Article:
Metformin: An Update

  title={Metformin: An Update},
  author={Dmitri Kirpichnikov and Samy I McFarlane and James R. Sowers},
  journal={Annals of Internal Medicine},
Insulin resistance contributes greatly to development of cardiovascular disease in patients with the metabolic syndrome and its extreme presentation, type 2 diabetes mellitus. Therefore, treatment with an insulin-sensitizing agent, such as metformin, in patients with type 2 diabetes mellitus may correct several of the primary pathophysiologic abnormalities of the metabolic syndrome. In diabetic patients, metformin appears to provide cardiovascular protection that cannot be attributed only to… 

Use of Metformin in Patients with Kidney and Cardiovascular Diseases

The use of metformin in patients with kidney disease, a high-risk CVD state, is confounded by confusion regarding appropriate concerns about the development of lactic acidosis in this population.

Treatment update: thiazolidinediones in combination with metformin for the treatment of type 2 diabetes

The clinical data behind the use of metformin in combination with TZDs for the management of diabetes, its impact on vascular health, side effects and potential mechanisms of action for combined use are reviewed.

Metformin: new understandings, new uses.

The role of metformin in the treatment of patients with type 2 diabetes and its potential role for a variety of insulin resistant and prediabetic states, including impaired glucose tolerance, obesity, polycystic ovary syndrome and the metabolic abnormalities associated with HIV disease are reviewed.

Metabolic syndrome therapy: Prevention of vascular injury by antidiabetic agents

The oral agents used to treat type 2 diabetes and the metabolic syndrome, and their effects on vascular tissue are reviewed, including metformin, thiazolidinediones, which target insulin resistance.

Insulin Sensitizers and Cardiovascular Disease

Thiazolidinediones (TZDs) decrease IR primarily at the level of the muscles, thereby increasing glucose uptake and decreasing plasma glucose and may improve insulin sensitivity by decreasing the plasma free fatty acid concentration (FFA).

A preclinical overview of metformin for the treatment of type 2 diabetes.

A Review on Metformin: Clinical Significance and Side Effects

Its ability to improve insulin sensitivity and the cardiovascular risk profile of type II diabetic patients has enhanced its clinical use as first-line therapy and its good safety profile, efficacy and comparatively reduced cost.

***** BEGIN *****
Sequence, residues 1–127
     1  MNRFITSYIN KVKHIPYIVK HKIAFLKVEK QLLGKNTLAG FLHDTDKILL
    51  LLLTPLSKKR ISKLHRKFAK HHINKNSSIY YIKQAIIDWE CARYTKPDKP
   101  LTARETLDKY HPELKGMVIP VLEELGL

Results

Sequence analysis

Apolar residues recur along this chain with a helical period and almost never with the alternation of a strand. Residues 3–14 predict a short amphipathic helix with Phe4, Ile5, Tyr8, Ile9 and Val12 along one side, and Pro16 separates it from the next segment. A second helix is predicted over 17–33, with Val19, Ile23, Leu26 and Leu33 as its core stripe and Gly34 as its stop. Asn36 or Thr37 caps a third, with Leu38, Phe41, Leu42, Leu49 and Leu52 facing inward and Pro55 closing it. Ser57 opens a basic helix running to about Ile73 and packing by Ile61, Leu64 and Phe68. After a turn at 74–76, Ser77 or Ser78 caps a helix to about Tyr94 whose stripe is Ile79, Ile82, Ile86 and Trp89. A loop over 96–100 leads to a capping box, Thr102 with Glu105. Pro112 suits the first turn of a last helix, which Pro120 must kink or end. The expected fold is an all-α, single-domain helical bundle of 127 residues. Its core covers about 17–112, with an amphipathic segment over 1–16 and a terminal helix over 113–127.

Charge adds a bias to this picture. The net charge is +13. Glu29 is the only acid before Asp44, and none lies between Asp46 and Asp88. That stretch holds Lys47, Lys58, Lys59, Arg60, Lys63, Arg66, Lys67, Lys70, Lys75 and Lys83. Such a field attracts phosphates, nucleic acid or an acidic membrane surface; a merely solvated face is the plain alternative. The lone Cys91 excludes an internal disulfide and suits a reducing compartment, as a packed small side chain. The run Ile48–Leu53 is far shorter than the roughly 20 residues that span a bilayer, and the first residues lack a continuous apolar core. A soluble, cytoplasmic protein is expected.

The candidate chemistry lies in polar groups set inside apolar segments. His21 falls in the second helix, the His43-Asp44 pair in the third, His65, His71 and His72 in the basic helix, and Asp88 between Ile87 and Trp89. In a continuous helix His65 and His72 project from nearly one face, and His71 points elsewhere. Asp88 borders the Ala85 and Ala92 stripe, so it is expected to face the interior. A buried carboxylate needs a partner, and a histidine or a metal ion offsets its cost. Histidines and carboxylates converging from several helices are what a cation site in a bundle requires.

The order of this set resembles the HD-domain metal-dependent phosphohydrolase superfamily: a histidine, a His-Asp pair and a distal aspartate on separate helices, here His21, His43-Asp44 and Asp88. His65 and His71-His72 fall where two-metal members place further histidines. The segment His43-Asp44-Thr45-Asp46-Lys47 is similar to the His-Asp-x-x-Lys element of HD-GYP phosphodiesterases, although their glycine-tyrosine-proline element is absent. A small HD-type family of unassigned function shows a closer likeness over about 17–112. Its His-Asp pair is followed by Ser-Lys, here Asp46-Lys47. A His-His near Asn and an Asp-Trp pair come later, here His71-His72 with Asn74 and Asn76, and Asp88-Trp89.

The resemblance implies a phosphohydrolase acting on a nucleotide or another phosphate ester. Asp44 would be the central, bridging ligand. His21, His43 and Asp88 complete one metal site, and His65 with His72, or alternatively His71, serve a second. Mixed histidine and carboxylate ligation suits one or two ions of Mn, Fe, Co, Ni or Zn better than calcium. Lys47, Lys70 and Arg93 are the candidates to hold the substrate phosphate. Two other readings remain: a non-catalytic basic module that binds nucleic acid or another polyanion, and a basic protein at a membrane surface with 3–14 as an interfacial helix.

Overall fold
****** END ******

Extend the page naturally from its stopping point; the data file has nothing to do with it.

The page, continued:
Individualized Therapy for Type 2 Diabetes

The current understanding of genetic polymorphisms that may affect the responses of subjects with T2DM to antidiabetic treatment is summarized and three major classes of genes involved in drug metabolism and transporters that influence pharmacokinetics are summarized.

Metformin, beyond an insulin sensitizer, targeting heart and pancreatic β cells.




An overview of metformin in the treatment of type 2 diabetes mellitus.

The antihyperglycaemic effect of metformin: therapeutic and cellular mechanisms.

Metformin improves hepatic and peripheral sensitivity to insulin, with both direct and indirect effects on liver and muscle, which collectively reduce insulin resistance and glucotoxicity in type 2 diabetes.

Efficacy of metformin in patients with non-insulin-dependent diabetes mellitus. The Multicenter Metformin Study Group.

Metformin monotherapy and combination therapy with metformin and sulfonylurea are well tolerated and improve glycemic control and lipid concentrations in patients with NIDDM whose diabetes is poorly controlled with diet or sulfonyLurea therapy alone.

Efficacy and metabolic effects of metformin and troglitazone in type II diabetes mellitus.

Metformin and troglitazone have equal and additive beneficial effects on glycemic control in patients with type 2 diabetes.

Combining sulfonylureas and other oral agents.

  • M. Riddle
  • Medicine
    The American journal of medicine
  • 2000

Acute Antihyperglycemic Mechanisms of Metformin in NIDDM: Evidence for Suppression of Lipid Oxidation and Hepatic Glucose Production

The specific, antihyperglycemic effects of metformin in the clinical condition of hyperglycemia in NIDDM are primarily due to suppression of HGP, not stimulation of glucose uptake, and are mediated, at least in part, by suppression of FFA and lipid oxidation.

Mechanism by which metformin reduces glucose production in type 2 diabetes.

Patients with poorly controlled type 2 diabetes have increased rates of endogenous glucose production, which can be attributed to increased levels of gluconeogenesis, according to the differences between the two methods used.

Effect of metformin and rosiglitazone combination therapy in patients with type 2 diabetes mellitus: a randomized controlled trial.

The data suggest that combination treatment with once-daily metformin-rosiglitazone improves glycemic control, insulin sensitivity, and beta-cell function more effectively than treatment with met formin alone.

Diabetes mellitus and diabetes-associated vascular disease